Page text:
Another player who has had a spike in scoring in the paint is Diaw. A little over a week ago, I wrote about how with the additions of Aldridge and West, Diaw is having a highly efficient season shooting the basketball, since he’s getting more mismatches or comfortable post-ups near the rim; he’s only taking 3-pointers if it’s the shot he has to take wide-open late in the shot clock, which in turn means he’s not shooting as many mid-range jumpers, which isn’t his strong shooting area. Last week, Green said Aldridge calls Diaw “Tea-Time” because of how calmly Diaw plays, like he’s having a cup of tea while heading toward the rim. When you watch Diaw, he’s very patient in choosing when to go into a post-up, as he usually waits to see if he can get a smaller player in a mismatch, or he might post a small ball 4, where Diaw has the advantage.
While West is shooting 51.6% from mid-range at the moment, he too is starting to collect more points in the paint as well, as the Spurs’ offense has continued to progress and develop. In the last 19 games, West has gone from scoring 1.9 points in the paint to 4.1 per game. He’s currently shooting 66.7% in the restricted area and 51.1% in the non-restricted area, per NBA.com.
Lastly, Marjanovic has made an increase in scoring in the paint, and most of that is due to the fact that he’s been receiving more playing time over the last 19 games and he’s spent more minutes on the floor. Marjanovic didn’t log a single minute against the Knicks, and that’s to be expected against certain teams that play a lot smaller with their frontcourt lineups. However, when a player like Duncan or Aldridge is resting, Marjanovic has been solid in his outings when he’s had to fill in as the fourth big man in the rotation. His increased scoring in the paint is evidence of his contribution when he is given minutes.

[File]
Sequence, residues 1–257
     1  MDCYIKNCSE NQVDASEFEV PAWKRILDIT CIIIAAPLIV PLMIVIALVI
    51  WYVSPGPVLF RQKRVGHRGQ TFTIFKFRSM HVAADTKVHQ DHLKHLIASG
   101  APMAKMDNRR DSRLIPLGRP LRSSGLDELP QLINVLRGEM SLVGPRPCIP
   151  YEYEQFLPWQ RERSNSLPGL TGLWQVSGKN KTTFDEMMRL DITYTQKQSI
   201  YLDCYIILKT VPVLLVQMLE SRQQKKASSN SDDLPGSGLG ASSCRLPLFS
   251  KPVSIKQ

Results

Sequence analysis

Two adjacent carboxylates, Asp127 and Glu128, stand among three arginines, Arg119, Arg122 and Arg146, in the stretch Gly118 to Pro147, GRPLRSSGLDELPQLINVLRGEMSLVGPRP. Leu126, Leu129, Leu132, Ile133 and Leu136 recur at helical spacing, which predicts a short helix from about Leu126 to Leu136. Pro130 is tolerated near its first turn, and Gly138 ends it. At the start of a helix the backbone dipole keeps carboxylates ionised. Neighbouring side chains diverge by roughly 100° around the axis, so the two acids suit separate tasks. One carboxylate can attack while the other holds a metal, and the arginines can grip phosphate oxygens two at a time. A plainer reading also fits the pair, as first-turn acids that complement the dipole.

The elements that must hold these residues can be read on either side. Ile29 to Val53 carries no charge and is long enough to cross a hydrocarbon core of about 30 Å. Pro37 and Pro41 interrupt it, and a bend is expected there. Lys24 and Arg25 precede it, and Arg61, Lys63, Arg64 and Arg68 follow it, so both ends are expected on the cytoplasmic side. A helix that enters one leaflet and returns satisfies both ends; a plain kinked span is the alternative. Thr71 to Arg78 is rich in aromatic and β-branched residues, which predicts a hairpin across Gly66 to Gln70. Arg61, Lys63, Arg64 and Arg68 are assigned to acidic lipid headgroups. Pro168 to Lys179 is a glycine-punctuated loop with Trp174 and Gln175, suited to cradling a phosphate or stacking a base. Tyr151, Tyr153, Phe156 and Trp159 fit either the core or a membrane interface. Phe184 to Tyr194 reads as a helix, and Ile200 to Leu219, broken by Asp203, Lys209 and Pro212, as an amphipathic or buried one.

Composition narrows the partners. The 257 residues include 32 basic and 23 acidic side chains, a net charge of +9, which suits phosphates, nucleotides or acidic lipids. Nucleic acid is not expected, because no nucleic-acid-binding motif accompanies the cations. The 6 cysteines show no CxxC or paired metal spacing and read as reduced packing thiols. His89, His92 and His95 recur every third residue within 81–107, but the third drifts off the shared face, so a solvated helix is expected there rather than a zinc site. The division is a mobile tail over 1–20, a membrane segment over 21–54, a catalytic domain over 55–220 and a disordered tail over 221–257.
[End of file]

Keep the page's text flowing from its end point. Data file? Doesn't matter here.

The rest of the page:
After Friday’s game, Diaw too discussed how Popovich wants the team to look for Aldridge and Leonard more often to see if anything else develops on the floor.
“Yeah from the get-go, that’s what Pop was asking about, to go inside-out, try to get some ball inside to LaMarcus, to Kawhi, and try to play that way,” said Diaw. “Then they adjust and we’ll get easier shots from the outside. So, it was good, it was good.”
When asked if the Spurs could have gotten more points in the paint Friday, Diaw said it’s dependent how the defense is defending the paint with their scheme.
“It depends what the other team is giving you,” said Diaw. “Manu said we could have put the ball more inside, but if they double team, you get some open shots on the outside too. It all depends on what the other team is going to give you.”
There was an exact example of that sequence Friday, when Diaw found himself with a mismatch with a smaller guard (Langston Galloway). Once Diaw knew he had Galloway defending him, he immediately took the ball into the post. Once the Knicks’ defense sent a double team to help Galloway, Diaw dished a pass to Ginobili, who dished another pass to Patty Mills, and Mills found Green wide open in the corner for an open 3-pointer, as the video clip below displays.
With 38 games in the bag for the Spurs’ season and still more than half are left to continue to work and develop, there’s already a trend beginning as discussed above where San Antonio’s offense is looking more and more to get points from an efficient area to score in basketball – the paint. San Antonio has the personnel and advantage to attack the paint, which means it’ll be interesting to see just how many of their points they’re getting in the paint by seasons end.